Friday, December 27, 2019

What's Next On My List? Let It Snow

This November a movie came out, which was based on a book by Maureen Johnson, John Green, and Lauren Myracle. The book was released in 2008, October, and since has been subject to the idea of various adaptations but not much came of it, as you might have suspected. This year it was Netflix that decided to adapt it, and I watched it straight away. I put off writing about it because I wanted to read the book first, but here we are.

The teenagers of Gracetown come together on an adventurous Christmas Eve, at the only Waffle House in their little town, after having a holiday season they will never forget. The night ends in confrontation among enemies, of their feelings, and of their biggest fears.

Let us talk about the book first. I have decided to read it after the movie came out because I have been going through a bit of a reader's block, and it was actual a John Green novel that helped me through that transition and I thought, hey, it is Christmas after all, perhaps this book will help. I am not really used to reading stories about the holiday season, I don't really have a specific reason as to why not, but I do love romantic movies and stupid stupid holiday romance Hallmark and ABC movies. I do believe that seeing the snow and the tree is something I require WHILE I am wrapping presents or crafting. As you might have guessed: it is quite hard to read a book while I am wrapping presents (and I am speaking from experience!). So even if generally I do not seek out romance stories, I did however want to read this one, because one thing became blatantly clear from the movie: these are very well crafted characters. I actually love a story that is not about a one dimensional character that goes nowhere fast... I never got romance novels where you don't understand why someone would care for that someone else once they find out about their lack of personality. The forced romance doesn't really do it for me... but what does is seeing characters that are actually as complicated as people are in real life. Just a couple of days ago I wrote about Nora Ephron, one of my favorite people, and she said: "I try to write parts for women that are as complicated and interesting as women actually are". I do find that when it comes to John Green novels, that is very true for teenagers: they are much more interesting than the raging hormonal mess that young adult movies and TV shows make them out to be. What was genius about this book was that I read three short stories, where each conveyed more personality for the main character than sometimes a 600 page book would. And the adaptation made sure to take that with it when it was re-written as a script, but... that is pretty much the only thing it did...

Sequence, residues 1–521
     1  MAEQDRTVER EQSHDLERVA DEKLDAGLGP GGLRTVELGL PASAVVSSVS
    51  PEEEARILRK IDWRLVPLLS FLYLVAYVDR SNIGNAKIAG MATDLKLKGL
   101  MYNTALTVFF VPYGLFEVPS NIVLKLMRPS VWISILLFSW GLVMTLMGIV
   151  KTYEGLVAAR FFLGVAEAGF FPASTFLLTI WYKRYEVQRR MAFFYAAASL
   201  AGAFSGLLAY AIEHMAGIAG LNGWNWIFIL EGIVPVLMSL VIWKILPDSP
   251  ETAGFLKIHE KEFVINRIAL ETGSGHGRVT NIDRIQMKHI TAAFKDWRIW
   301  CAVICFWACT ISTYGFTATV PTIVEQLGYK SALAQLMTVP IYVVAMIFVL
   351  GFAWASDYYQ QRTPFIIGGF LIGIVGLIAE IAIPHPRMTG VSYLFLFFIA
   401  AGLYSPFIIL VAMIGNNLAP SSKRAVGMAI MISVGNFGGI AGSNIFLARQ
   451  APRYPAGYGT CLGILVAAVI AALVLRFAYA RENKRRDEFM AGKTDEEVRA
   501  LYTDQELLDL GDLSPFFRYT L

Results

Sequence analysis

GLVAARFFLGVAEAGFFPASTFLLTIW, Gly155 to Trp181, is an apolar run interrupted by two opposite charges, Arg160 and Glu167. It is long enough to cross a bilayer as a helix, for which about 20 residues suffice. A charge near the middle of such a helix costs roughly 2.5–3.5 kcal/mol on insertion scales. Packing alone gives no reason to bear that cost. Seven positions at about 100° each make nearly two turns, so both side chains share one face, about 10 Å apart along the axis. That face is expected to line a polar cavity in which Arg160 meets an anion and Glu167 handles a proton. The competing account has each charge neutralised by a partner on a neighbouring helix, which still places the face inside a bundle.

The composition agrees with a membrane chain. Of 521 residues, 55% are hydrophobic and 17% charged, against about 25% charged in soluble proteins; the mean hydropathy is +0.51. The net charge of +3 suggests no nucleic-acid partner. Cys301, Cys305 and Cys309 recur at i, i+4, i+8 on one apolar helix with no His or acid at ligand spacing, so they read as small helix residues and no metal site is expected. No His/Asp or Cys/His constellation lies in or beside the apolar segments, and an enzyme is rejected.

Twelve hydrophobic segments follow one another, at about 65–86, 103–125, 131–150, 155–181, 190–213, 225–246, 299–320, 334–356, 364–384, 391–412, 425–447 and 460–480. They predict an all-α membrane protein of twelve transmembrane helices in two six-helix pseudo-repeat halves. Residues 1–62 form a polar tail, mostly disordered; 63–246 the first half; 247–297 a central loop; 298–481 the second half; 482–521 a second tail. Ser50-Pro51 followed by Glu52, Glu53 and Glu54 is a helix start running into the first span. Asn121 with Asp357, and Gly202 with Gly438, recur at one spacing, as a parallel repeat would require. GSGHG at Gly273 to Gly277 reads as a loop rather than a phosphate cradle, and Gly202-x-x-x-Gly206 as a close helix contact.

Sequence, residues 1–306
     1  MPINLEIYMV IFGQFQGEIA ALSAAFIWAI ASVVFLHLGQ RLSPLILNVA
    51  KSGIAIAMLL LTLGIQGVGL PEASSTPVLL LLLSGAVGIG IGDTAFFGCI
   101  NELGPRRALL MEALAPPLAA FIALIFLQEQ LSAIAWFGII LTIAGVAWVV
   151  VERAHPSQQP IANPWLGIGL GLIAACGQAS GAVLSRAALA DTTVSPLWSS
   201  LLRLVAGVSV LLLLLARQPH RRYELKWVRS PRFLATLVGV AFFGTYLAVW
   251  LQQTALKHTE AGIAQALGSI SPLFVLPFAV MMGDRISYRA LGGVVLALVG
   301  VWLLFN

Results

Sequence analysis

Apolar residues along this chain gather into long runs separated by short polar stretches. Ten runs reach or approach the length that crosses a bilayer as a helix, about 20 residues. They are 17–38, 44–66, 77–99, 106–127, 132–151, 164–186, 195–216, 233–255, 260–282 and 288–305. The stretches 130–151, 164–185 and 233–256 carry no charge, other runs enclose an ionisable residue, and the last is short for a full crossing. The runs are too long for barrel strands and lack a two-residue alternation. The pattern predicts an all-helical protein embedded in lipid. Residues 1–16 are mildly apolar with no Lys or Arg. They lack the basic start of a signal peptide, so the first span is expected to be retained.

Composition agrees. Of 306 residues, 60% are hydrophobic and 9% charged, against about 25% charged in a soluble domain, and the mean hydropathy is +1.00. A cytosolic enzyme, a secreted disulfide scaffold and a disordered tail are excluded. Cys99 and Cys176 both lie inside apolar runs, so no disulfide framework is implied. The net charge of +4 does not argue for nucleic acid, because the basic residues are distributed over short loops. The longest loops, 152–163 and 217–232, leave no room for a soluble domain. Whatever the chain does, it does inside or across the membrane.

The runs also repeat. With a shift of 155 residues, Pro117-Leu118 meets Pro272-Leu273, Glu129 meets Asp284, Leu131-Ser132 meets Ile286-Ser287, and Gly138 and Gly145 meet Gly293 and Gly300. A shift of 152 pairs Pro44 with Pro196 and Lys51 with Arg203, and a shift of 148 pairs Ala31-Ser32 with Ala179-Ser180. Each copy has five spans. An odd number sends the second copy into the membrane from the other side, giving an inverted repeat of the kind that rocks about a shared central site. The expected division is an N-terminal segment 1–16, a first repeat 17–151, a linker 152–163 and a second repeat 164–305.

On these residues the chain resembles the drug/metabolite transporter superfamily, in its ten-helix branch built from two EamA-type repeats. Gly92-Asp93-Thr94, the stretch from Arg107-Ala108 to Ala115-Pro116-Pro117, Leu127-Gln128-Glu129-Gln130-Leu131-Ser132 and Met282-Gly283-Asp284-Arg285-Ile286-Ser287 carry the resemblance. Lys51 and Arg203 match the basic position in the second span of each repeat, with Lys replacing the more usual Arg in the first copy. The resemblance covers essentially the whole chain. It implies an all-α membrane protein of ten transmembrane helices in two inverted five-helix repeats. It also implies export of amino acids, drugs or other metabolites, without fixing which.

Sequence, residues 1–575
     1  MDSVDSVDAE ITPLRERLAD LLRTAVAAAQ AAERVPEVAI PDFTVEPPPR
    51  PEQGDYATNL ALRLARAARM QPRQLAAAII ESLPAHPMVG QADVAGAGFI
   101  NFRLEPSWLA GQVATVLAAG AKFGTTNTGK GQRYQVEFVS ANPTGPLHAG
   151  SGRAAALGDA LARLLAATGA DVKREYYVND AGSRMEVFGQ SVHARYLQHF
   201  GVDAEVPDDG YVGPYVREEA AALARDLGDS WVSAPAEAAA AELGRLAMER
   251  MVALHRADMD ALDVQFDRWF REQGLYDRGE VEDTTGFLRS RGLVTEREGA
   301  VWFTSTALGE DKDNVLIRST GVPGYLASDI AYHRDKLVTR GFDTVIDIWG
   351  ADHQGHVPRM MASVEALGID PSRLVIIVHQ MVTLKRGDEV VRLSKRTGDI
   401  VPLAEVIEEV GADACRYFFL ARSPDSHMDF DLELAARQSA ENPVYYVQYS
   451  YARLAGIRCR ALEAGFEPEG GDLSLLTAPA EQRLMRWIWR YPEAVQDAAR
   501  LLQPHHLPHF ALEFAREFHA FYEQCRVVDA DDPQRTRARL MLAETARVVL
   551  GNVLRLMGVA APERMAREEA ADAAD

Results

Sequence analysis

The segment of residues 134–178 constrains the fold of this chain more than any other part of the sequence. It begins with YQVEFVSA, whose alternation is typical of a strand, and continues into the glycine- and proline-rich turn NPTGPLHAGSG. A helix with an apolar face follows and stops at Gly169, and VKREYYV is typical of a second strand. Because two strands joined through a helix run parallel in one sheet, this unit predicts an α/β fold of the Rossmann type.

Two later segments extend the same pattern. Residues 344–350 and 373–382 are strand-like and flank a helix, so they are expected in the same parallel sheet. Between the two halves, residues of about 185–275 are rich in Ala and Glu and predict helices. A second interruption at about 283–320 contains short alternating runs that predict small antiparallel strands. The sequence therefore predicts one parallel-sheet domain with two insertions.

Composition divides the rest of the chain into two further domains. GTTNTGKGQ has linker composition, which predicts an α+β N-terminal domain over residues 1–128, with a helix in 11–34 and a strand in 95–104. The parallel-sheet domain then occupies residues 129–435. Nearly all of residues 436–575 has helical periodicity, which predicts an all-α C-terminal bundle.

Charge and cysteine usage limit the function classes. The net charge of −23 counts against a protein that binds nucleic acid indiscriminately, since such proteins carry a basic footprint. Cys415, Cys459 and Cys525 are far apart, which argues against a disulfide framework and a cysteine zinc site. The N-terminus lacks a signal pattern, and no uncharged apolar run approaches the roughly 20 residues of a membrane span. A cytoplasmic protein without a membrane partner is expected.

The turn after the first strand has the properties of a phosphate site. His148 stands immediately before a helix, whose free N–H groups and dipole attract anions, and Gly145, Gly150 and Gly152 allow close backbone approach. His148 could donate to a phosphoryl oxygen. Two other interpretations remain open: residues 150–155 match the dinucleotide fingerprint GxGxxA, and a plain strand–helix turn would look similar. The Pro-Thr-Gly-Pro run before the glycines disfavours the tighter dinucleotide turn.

First off, I would like to delete from the poster that it is based on the best-selling novel, I would rather use the word "inspired by", because I understand that changes had to be made, as these three stories happened separately in the book, but actually at the same time as well, and the movie wanted to showcase that. Nonetheless, despite the names of the main characters I have found about 10 percent that is the same as the book and well... I don't care. This is a terrible adaptation and an incredibly wonderful movie, as weird as that sounds. I feel like I got two great Christmas stories that have little to nothing to do with each other, so I was still awarded for reading the book and for having seen the film. I would actually ask the opinion of what the authors thought of it, but I am sure it was great publicity for their book again, I guess that they did not mind overall. And here is the most important nugget of information: although you can see that this movie was influenced by the holiday mandatory Christmas romance movies that all end with a happy ending, this one STILL has the complex and interesting characters. Not to shit on Netflix Christmas movies, but they are short of horrible...

Watch it? Definitely. Snow does have an effect on people, and I don't know who decided to give Joan Cusack the narrator and over-arching character who kind of bring everyone together, but they deserve an award. I just love this actress so much, and the movie already had major talent with the young actors it collected, but she was just the cherry on top of the cake. I do think that everyone should see it! And, after, read the book and let it take you with it, because it is a beautiful snow-filled adventure.

Until the next item on my list!
_ _ _ _ _ 

Shameik Moore - Stuart
Odeya Rush - Addie
Liv Hewson - Dorrie
Mitchell Hope - Tobin
Miles Robbins - Billy
Anna Akana - Kerry
Joan Cusack - Tin Foil Woman

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